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100 Days of Trump: Democrats’ sophomoric Senate confirmation dance should be scuttled

Aficionados of political theater were no doubt pleased on Tuesday as Democrat senators put on quite a performance poking and prodding Supreme Court nominee Neil Gorsuch to try and uncover weak points in the judge’s belief system or judicial philosophy.

Seung Min Kim and Josh Gerstein of Politico report, “Supreme Court nominee Neil Gorsuch faced a marathon grilling session before the Senate Judiciary Committee on Tuesday, with Democrats eager to dissect his Al Frankenlengthy legal record both on the bench and as a top lawyer in the Bush administration — and whether he would be willing to take on President Donald Trump.

“Democrats have indicated they want to interrogate Gorsuch on everything from abortion and campaign finance to workers’ rights and executive power. They are also sure to press Gorsuch on his tenure as a Justice Department lawyer working on anti-terror policies in the George W. Bush administration. His views on judicial independence will also be a hot topic in light of the attacks on multiple judges by the man who nominated him.”

You’ve got to love Politico… “attacks on multiple judges by the man who nominated him.” If what the Democrats did to Gorsuch on Tuesday doesn’t constitute “attacks,” I don’t know what would qualify for the term.

It’s such a strange “dance” Supreme Court hopefuls must engage in these days. When faced with a series of leading and for lack of a better way to put it – stupid – queries about current topics or past cases, nominees have absolutely no motivation to answer the questions with any kind of thoughtful reply lest they invite more intrusion into extraneous matters that have nothing to do with serving on the bench.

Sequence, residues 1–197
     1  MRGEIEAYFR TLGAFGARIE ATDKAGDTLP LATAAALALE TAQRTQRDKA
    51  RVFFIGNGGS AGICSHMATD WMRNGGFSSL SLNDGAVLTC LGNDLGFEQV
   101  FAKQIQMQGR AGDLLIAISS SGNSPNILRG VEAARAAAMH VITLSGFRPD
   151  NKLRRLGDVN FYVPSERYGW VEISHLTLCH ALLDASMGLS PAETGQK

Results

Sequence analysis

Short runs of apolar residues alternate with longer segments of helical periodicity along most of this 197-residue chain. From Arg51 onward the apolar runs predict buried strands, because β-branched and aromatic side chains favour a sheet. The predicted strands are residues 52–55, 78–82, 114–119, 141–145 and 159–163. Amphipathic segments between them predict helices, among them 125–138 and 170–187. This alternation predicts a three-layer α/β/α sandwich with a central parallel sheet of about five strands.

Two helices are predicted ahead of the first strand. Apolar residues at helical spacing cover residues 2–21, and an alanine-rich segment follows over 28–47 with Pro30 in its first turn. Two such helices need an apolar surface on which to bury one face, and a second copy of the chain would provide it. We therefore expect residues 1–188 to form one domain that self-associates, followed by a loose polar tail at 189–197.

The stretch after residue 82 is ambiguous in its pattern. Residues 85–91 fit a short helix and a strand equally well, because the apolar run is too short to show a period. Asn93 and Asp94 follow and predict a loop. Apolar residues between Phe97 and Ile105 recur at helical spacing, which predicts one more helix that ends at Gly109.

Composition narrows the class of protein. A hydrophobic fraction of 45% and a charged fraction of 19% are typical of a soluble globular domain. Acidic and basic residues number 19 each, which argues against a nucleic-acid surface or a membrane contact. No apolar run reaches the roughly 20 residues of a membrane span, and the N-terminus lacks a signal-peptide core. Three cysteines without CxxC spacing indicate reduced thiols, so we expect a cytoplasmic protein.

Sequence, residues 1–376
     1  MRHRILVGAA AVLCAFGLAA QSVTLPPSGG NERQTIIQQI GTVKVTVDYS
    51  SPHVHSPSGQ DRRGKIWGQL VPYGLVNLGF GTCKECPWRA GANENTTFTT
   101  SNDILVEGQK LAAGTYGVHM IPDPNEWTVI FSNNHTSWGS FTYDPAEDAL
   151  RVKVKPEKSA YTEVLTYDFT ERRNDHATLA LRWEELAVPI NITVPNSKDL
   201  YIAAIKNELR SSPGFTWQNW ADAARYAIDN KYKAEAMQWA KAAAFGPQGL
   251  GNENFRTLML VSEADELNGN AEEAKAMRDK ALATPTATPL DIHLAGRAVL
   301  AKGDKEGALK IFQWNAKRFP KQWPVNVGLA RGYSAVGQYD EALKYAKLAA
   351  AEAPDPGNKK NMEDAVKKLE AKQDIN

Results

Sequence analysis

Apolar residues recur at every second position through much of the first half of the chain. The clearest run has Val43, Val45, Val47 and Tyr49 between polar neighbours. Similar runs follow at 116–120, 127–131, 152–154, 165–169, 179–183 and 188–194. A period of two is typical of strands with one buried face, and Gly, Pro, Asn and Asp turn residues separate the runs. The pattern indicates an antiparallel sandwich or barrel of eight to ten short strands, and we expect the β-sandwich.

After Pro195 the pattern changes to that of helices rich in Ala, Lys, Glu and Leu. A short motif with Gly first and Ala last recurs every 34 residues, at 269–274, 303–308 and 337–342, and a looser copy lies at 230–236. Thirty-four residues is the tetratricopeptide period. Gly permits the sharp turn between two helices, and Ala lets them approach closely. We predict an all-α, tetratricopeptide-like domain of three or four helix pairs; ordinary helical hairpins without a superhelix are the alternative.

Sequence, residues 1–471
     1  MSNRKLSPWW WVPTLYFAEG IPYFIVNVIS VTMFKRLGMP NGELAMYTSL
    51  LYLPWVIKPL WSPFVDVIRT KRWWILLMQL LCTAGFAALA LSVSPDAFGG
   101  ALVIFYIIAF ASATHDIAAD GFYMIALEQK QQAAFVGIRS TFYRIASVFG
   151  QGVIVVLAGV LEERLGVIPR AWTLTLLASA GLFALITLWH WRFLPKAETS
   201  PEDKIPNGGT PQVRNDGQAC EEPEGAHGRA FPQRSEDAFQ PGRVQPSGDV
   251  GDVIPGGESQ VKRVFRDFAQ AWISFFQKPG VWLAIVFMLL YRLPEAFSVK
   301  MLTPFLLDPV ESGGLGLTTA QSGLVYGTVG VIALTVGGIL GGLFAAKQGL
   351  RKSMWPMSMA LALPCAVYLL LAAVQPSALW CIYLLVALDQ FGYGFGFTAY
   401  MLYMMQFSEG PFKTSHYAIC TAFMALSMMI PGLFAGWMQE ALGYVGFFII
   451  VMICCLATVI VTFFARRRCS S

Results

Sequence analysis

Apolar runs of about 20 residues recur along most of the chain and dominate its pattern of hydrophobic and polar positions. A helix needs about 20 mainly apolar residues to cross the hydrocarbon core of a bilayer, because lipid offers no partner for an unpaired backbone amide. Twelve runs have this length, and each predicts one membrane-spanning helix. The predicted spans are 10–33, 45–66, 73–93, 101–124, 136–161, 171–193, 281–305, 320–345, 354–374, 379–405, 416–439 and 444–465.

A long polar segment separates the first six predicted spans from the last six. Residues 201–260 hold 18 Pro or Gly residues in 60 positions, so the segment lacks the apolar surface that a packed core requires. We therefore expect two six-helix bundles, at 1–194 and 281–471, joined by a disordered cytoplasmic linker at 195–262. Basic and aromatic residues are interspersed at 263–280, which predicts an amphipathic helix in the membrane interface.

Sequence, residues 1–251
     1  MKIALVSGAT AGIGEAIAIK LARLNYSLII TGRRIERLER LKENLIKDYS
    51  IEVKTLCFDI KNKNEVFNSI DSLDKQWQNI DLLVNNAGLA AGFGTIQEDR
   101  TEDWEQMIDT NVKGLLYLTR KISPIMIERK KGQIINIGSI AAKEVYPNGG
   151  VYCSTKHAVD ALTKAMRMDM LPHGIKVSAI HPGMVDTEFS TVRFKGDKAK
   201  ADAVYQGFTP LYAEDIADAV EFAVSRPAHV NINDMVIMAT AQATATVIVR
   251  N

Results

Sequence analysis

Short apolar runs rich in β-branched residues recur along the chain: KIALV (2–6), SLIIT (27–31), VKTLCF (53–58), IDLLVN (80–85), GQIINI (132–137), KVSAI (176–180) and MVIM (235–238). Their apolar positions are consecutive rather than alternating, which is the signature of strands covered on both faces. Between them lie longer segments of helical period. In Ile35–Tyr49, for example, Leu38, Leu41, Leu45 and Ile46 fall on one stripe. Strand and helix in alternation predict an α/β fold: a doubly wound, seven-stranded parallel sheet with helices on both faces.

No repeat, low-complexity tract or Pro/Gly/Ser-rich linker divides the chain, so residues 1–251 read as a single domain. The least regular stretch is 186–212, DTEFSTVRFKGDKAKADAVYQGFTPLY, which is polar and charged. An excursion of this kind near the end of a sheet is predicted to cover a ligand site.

Take abortion for example. Assuming Gorsuch is pro-life (I’m guessing Trump would have asked him for his views on the subject – I would have), what incentive is there to get into a prolonged intellectual discussion on the merits of Roe v. Wade with a Democrat who isn’t going to vote to confirm you anyway?

It would be like going into an abortion clinic and trying to talk the doctors into abandoning the practice.

I speculate most of the Democrat senators are lawyers and already know Roe was decided 44 years ago based on a made-up constitutional privacy right that centered on a state’s interests in regulating abortion according to viability of the baby (I’m not going to call it a fetus).

If a person facing confirmation says anything other than “Roe is a precedent that’s been affirmed many times” they instantly fall into a trap set by liberals to try and prove he or she is prejudging cases. And even if he is, big deal!

What’s the value in paying homage to a precedent like Roe that is one, based on a debatable premise (when a baby becomes “viable”) and also rests on a constitutional “right” that doesn’t originate from the plain language of the Constitution?

What judges/nominees should be free to say is, “Precedent is what it is but basically everything is on the table. That’s why precedents sometimes are modified or completely overturned.”

If precedents are presumed sacrosanct why aren’t liberals advocating for going back to Chief Justice Roger Taney’s opinion in the Dred Scott case where Taney reasoned it was okay for states to declare people with dark skin as less than human? Or to reinstate the segregationist doctrine of “Separate but Equal” from the case of Plessy v. Ferguson?

Seeing some of Gorsuch’s hearing on Tuesday it was abundantly clear that all of this is just made-for-TV theater on the Democrat side so they can look good to their leftist constituents while appearing to do their “duty” to screen Supreme Court nominees.

It’s phony and barely watchable. How they intend to draw this out for four days is beyond me. Don’t they have anything better to do? How about trying to fix the broken immigration system that allowed two illegal aliens to brutally rape a 14 year-old girl in nearby Montgomery County Maryland?

At the very least a time limit should be placed on the hearings and repetitive questions should be tossed out. Only when common sense is brought back to the process will the “dance” mercifully end.

Is Trump a failure as a negotiator if the Ryancare bill dies?

Among the many remarkable things gathered from the incredible 2016 presidential election campaign was the unprecedented ability of Donald Trump to convince people to vote for him because he is…well, Donald Trump.

Trump the non-politician relied on his dominating personality, rock-solid message and unrelenting drive to first win the Republican party’s presidential nomination and then defeat Hillary Clinton for the presidency.